Barkley Village is home to a new complex featuring Scotty Browns restaurant and two fitness studios: barre3 and Ride Culture. While Scotty Browns and barre3 were already operating in different locations, Ride Culture brings indoor cycling to Bellingham for the first time. The new complex creates a hub for fitness, dining, and social connection — three things we’ve (hopefully) learned not to take for granted.
The new complex is a family affair. Brothers Robert and Scott Walker own Scotty Browns, while Robert’s wife, Caitlin Walker, owns Ride Culture and barre3.
The complex is located on Premier Way, near the corner of Illinois and Woburn Streets. Visitors can park in a new garage capable of holding up to 44 vehicles. The idea is to create an easy, one-stop destination where you can do your workout and then meet up with friends and family for a meal.
The central Barkley location makes it easy to support surrounding businesses, too. Maybe you have dinner at Scotty Browns and then head to the Regal theater for a movie. Or maybe you do a workout at Ride Culture and then stop by Haggen, just across the street, to pick up groceries. Vitalizing the entire neighborhood is at the core of the Walker family’s vision.
For a restaurant that has accrued a robust fan base since opening in 2008, Scotty Browns’ location is certain to appease steadfast customers while drawing in new ones. Though the new space is technically smaller, the design is more conscientious and includes an expanded, all-ages outdoor dining area complete with heaters, TVs, and enclosures that come down to protect from the elements while still providing ventilation.
“You can dine outdoors every single day of the year, in any sort of inclement weather,” says Allyson Farrar, business manager for Walker Group Ventures.
Regulars will be relieved to know the menu is unaltered, featuring the same cocktails, burgers, and appetizers that Scotty Browns is known for. The staff has also carried over. The manager, Rockell Bosman, has been with Scotty Browns for a decade, bringing years of experience, care, and loyalty to daily operations.
“Our team is valuable to us, and we work hard to make sure that opportunities for growth in our company are presented to them,” says Farrar.
Co-owner Robert Walker notes that people love the restaurant for its high-quality ingredients and top-notch staff, but the atmosphere is what truly sets the restaurant apart.
“There is nothing in Bellingham that offers the vibe that we do,” he says.
Barre3 & Ride Culture
Those who missed group fitness classes during COVID-19 lockdowns should feel extra excited for the complex’s new fitness studios, barre3 and Ride Culture.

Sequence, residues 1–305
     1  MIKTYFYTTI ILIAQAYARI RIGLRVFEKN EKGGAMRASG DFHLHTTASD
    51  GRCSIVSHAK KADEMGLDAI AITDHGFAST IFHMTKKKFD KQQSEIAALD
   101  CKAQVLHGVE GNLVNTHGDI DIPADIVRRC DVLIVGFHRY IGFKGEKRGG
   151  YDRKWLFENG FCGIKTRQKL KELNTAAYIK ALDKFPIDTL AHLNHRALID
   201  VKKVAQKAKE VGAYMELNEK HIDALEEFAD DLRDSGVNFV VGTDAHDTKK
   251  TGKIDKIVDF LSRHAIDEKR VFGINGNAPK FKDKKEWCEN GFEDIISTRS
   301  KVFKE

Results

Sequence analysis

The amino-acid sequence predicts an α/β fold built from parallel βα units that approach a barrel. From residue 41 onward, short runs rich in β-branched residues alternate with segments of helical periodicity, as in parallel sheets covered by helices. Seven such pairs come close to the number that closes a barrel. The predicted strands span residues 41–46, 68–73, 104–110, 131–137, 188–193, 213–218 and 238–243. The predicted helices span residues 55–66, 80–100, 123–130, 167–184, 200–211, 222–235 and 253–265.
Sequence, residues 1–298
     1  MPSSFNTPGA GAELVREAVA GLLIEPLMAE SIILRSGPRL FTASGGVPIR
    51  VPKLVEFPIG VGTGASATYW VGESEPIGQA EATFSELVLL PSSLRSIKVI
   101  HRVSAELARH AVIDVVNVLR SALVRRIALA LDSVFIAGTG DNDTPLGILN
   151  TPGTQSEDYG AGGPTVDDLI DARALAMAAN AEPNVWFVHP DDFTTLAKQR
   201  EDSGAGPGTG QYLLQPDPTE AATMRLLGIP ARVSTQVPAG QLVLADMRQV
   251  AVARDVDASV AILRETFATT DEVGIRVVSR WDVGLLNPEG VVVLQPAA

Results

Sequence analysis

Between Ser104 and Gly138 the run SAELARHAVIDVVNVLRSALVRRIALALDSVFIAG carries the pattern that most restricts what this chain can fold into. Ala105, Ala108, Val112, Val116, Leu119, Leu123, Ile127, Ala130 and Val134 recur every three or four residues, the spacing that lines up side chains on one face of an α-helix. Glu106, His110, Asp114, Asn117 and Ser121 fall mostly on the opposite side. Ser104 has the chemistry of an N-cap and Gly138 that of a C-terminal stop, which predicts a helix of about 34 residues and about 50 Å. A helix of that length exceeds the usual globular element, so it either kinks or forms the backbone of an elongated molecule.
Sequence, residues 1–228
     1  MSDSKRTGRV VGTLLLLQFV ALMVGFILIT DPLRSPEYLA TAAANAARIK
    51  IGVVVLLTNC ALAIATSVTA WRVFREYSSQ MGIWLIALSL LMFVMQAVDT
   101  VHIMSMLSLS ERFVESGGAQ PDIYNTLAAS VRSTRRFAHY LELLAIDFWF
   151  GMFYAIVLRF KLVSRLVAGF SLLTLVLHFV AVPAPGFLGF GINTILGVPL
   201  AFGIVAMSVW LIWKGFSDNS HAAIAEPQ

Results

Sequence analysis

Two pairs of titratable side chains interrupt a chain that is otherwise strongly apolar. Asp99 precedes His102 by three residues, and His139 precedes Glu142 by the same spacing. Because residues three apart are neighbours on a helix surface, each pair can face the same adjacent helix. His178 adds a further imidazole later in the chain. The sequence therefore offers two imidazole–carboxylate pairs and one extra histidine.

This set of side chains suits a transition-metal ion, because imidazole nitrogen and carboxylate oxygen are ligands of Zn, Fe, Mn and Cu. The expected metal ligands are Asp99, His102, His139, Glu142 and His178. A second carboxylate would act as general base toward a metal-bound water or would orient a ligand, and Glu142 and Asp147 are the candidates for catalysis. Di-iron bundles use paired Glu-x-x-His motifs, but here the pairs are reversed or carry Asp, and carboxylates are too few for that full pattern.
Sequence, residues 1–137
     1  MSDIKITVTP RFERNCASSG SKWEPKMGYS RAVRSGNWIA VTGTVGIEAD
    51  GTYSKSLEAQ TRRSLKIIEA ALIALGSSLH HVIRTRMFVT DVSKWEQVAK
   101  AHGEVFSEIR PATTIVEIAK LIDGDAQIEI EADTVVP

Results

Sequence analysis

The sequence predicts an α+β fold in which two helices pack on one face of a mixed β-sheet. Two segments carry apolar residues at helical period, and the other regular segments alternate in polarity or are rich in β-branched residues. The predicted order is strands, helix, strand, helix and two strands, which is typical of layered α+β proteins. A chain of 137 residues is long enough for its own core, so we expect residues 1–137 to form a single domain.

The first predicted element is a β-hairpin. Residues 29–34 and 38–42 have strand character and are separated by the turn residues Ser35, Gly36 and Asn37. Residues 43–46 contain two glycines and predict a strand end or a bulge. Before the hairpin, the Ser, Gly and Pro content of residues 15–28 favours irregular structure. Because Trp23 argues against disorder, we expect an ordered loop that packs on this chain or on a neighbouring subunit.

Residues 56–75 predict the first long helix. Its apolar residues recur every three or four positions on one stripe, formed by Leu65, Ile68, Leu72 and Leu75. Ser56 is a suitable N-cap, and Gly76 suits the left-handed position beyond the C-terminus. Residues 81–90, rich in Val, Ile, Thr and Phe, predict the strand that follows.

Caitlin Walker, who has taught group fitness for more than 25 years, has a pattern of bringing new workout spaces to Bellingham. Barre3 was one of the first boutique-style fitness studios in Bellingham when Caitlin opened it eight years ago, and Ride Culture is the first indoor cycling studio of its kind in town. There’s nothing like it north of Seattle.
“Both barre3 and Ride Culture were born out of my own curiosity. Once I fell in love with the efficiency and fun of these workouts, I wanted to bring them to my community,” says Caitlin.
For those unfamiliar, barre3 is a branded, full-body fitness program that focuses on cardio, strength conditioning, balance, and mindfulness. You’ll be guided through sustained holds, muscle-burning micro-movements, and heart-pumping cardio bursts.
Ride Culture is an indoor cycling studio where stationary cyclists ride together under the guidance of an instructor. Lights and sounds add to the motivation, for a 360-degree experience meant to “evoke emotion and elevate your workout.” The studio is complete with lockers, changing rooms, and fully stocked showers. There’s even a blow-dry bar so you can leave the gym ready for work or, say, dinner with friends at Scotty Browns.
For Caitlin, barre3 and Ride Culture workouts appeal to her on a level deeper than just fitness. They’re about connecting with the community through a shared experience and promoting body-positivity and inclusivity.
“It’s everything combined — you get the best instructors, incredible spaces, and a true sense of community and family. I’ve made some of my best friends through the studios,” she says.
Those new to barre and indoor cycling can try out both studios with little risk. Barre3 offers a special where new clients get three classes for just $30. Another option is two weeks of unlimited classes for $49. Ride Culture offers a new rider special — buy one class get one free – as well as 30 days of unlimited classes for $100, and $175/month after. There’s also a complementary introductory tour and tutorial for first-time riders.
While opening a business complex during a pandemic is no easy feat, the Walkers managed to find a permanent silver lining.
“Covid hit us in a really hard time,” says Farrar. “That said, we were able to add better ventilation into our buildings because of it…we were able to make changes to the buildings to make it a more comfortable place for people to be.”
The fans in the spin studio, for instance, have a UV light filter that kills germs. There’s also a hospital-grade air filter and scrubber. While these changes were intended for COVID-19, they’ll continue to protect visitors long after the pandemic, preventing the spread of ordinary colds and flus and providing a safer experience for years to come. Scotty Browns: 2130 Premier Way, Ste. 101, Bellingham, 360.306.8823, scottybrownsrestaurant.com; Ride Culture: 2130 Premier Way, Ste. 102, Bellingham, 360.746.8941, rideculture.com; Barre3: 2130 Premier Way, Ste. 103, Bellingham, 360.922.7398, barre3.com/studio-locations/bellingham